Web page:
- It has trouble testing for light elements. For elements like lithium (Li), carbon (C), magnesium (Mg), aluminum (Al), and silicon (Si), use technologies such as LIBS or OES for the best results.
- The ease of point-and-shoot results can lead to misidentified material. Improper training and technique does not prevent a result showing up on the screen. Just because you see a result doesn't mean its the correct result.
- Variable test times can lead to misidentified material. Adding another variable like test time allows the operator to decide when to stop the test leading to inconsistent results between tests and operators. An XRF gun capable of testing light elements, often needs time to switch modes in order to see elements like Al and Si. If you don't wait for that, you will get an incorrect result.
Say it with me now. Just because you see a result on the screen, doesn't mean it is the correct result.
Although it’s easy to use, the handheld XRF cannot test for carbon in materials and has to be registered in order to use it.
How much does a handheld XRF analyzer cost?
Like anything else, the cost of a handheld XRF depends on the industry, urgency, and critical nature of the application.
Purchasing a new handheld XRF
Purchasing a new handheld XRF analyzer can cost anywhere between $15,000-$40,000. It’s critical to note that you’ll get the quality and functionality you pay for; if you go less expensive, the performance of the handheld XRF might not meet all of your needs.
Take into account the cost of ownership and maintenance as well. There are some very fragile parts on a handheld XRF. If they do not fail or break, the X-ray tubes will need to be replaced every 5-10 years depending on usage.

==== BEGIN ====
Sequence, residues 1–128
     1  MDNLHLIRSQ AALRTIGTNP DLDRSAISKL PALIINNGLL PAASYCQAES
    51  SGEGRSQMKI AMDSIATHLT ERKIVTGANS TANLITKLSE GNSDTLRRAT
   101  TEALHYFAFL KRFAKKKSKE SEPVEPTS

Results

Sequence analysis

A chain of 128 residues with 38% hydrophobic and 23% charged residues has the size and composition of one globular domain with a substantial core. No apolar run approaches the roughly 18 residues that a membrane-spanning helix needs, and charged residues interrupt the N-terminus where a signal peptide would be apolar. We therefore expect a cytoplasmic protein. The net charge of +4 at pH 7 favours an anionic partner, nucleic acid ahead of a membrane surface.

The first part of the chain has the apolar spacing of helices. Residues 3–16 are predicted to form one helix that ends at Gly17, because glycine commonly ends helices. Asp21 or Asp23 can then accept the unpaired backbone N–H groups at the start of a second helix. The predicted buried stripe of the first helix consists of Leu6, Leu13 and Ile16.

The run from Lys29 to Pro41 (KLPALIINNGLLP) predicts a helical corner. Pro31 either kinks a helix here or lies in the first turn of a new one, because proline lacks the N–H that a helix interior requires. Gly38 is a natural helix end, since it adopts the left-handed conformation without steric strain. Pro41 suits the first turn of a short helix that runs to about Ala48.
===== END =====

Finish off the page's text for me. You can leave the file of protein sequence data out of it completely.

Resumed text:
Fragile parts like X-ray tubes and detectors can often cost $7,000-$10,000 a piece not including labor and associated fixes.
Purchasing a used handheld XRF
Once you get into the used market for a handheld XRF, plan on spending anywhere from $5,000-$15,000.
Just like with a used car, make sure you obtain the necessary paperwork, any service records, and a summary of the analyzer’s capabilities. You want to make sure you’re getting what you’re paying for and don’t want any surprises.
One surprise repair will likely double the cost so be sure to do your due diligence when buying a used handheld XRF.
Common mistakes to avoid when using handheld XRF for PMI testing
- False positives. Just because you obtained a result on the screen doesn't make it the right result. Understand the technique and each of the variables below that can affect your testing.